The national debate on the controversial Keystone XL pipeline will concentrate on Lincoln, Neb., Friday as that state’s Supreme Court hears arguments in a case examining whether lawmakers short-circuited the regular approval process in an attempt to expedite the pipeline’s construction.
The court’s ruling – not expected for several months — could force President Obama’s hand in making a final decision whether to green light the oft-stalled project.
Protests and political outrage have accompanied the proposed pipeline for years, but quieted down in recent months because of the Nebraska litigation and the Obama administration’s decision to wait for a ruling in the case before moving forward.
“The issue never goes away if you’re dealing with the pipeline on a local level,” anti-pipeline activist Jane Kleeb told Fox News. “While it may not be on the front page of newspapers nationwide, we’re dealing with it on a daily basis.”
Friday’s case before the seven-member court does not examine whether the pipeline should be built in Nebraska – or anywhere else — but rather if the state’s unicameral legislature improperly passed a law giving the governor authority to approve the project rather than the state’s Public Service Commission. It will take a supermajority of five justices to invalidate the law.
Earlier this year, a lower state court judge ruled the lawmakers’ actions violated Nebraska’s constitution. The Obama administration took the ruling as a sign that the Nebraska portion of the pipeline’s routing could be in jeopardy and effectively put its review process on hold.
Because the proposed pipeline originates in Canada and crosses over the border, the State Department must review the plan. In addition, Obama would have to sign off on the project before it can move forward.
Environmentalists have attacked the plan as a land grab for private interests that endangers underground water resources and further encourages oil drilling in the tar sands region of Alberta. “Why should we allow Canada to continue to mine this kind of fossil fuel which we know is only going to harm the climate?” Kleeb told Fox.
But the project has the support of labor unions that are counting on thousands of construction jobs and others, including most Republicans, who see the pipeline as a necessary piece of energy security.
“This pipeline has been so over studied and over analyzed and we’ve looked over every single square inch of dirt that it’s going to cross over,” Nebraska Attorney General Jon Bruning told Fox News. “I think it’s time to build it,” he added.
The planned 1,179-mile pipeline would start in central Alberta and move south across the heartland of America into Nebraska, where it would meet up with preexisting 36-inch pipes.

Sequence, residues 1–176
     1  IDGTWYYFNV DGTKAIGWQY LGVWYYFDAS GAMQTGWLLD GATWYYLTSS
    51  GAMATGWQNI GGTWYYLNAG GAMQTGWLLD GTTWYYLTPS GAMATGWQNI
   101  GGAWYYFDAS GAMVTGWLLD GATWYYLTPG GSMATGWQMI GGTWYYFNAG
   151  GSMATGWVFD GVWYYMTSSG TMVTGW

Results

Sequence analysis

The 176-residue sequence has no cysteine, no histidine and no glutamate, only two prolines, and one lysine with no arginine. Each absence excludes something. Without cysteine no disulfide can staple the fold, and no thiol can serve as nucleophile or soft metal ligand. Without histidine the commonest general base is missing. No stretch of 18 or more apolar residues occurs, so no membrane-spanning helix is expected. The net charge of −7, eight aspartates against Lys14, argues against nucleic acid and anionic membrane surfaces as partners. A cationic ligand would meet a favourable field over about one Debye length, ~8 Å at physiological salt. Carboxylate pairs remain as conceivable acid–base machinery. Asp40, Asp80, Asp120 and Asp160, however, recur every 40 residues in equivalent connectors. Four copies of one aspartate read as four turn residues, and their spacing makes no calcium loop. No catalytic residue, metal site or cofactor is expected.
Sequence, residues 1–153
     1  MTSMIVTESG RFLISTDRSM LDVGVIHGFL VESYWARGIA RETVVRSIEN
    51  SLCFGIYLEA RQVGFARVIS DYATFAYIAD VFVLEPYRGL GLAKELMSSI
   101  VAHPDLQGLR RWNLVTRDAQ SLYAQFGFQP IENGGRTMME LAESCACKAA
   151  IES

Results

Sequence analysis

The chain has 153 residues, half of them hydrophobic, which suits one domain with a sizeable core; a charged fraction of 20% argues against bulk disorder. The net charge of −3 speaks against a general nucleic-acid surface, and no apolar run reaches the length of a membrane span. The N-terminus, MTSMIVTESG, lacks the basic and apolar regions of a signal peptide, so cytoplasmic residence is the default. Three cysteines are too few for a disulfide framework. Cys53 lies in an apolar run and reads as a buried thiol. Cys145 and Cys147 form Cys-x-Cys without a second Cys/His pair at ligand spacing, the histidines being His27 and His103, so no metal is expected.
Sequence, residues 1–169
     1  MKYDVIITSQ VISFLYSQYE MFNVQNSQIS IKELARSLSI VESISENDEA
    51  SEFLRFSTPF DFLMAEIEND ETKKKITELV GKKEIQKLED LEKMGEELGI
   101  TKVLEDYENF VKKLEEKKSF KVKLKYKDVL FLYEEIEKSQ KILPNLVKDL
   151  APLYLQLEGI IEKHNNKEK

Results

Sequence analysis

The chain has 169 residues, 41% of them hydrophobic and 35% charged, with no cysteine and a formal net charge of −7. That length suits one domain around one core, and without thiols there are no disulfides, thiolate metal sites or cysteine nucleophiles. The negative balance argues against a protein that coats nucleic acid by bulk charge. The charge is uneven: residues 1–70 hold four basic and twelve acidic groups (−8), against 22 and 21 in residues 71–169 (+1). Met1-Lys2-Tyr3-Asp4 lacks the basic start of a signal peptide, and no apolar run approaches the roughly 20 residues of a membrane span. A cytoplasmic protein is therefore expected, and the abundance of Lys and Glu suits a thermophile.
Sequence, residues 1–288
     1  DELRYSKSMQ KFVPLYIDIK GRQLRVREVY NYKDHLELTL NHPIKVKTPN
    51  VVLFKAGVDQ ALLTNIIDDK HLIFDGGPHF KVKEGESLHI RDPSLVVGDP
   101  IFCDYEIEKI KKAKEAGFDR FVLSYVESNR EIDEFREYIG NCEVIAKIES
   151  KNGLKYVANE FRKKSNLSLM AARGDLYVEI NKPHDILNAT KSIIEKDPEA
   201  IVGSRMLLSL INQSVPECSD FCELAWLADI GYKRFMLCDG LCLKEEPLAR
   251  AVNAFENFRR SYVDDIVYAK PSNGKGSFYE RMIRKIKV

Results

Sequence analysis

In recent weeks, legal briefs were submitted to the court detailing arguments over the 2012 legislation called LB 1161. State officials defend the law that gave Governor Dave Heineman, a Republican, the authority to approve the Nebraska portion of the pipeline after a review by state environmental regulators.
The key factor in the case may be whether the pipeline is considered a “common carrier” under Nebraska law. Common carriers are “for hire” entities that are available to the public to transport goods or people. In Nebraska, the state’s Public Service Commission solely regulates common carriers.
The state argues that a pipeline can be considered a common carrier; in this instance it isn’t because the Keystone XL Pipeline merely travels through the state rather than servicing businesses or residents solely inside Nebraska.
“I think that it’s clear that in this state, common carriers are defined as intrastate – just within the borders of our state,” Bruning explained. “This pipeline, because it runs through other states including ours, it’s an interstate carrier.”
David Domina, the lawyer for the landowners, said, “LB 1161 contains telltale admissions that it does apply to common carriers.” He notes that TransCanada, the company building the pipeline, isn’t an oil company but rather is “for hire” to companies that drill. “This is quintessential common carriage,” he writes.
There are other more technical issues in the case covering whether the landowners have the legal grounds to challenge the law, whether eminent domain land grabs impact the common carrier distinction and if a $2 million appropriation to facilitate the pipeline’s construction also violates state constitution.
But it’s the question over whether the legislature usurped the power of the Public Service Commission that’s expected to draw the most attention. If the court upholds the prior decision, TransCanada would then have to file paperwork with PSC for approval — a process that could go well into 2015.
However, if the court determines that LB 1161 is good law, then all eyes will return to Washington to see what Obama decides.
Former Democratic Governor Ben Nelson appointed five members of the court but one, John Wright, has recused himself from the case and been replaced by a lower court judge appointed by Heineman. The current governor also appointed Chief Justice Michael Heavican but Bruning said he would be surprised if politics factor into the final decision.
“We have a great Supreme Court, “Bruning said. “We trust them. They’re nonpartisan in their decision-making. I think they’re going to make the right decision for the state of Nebraska.”
Fox News’ John Roberts also contributed to this story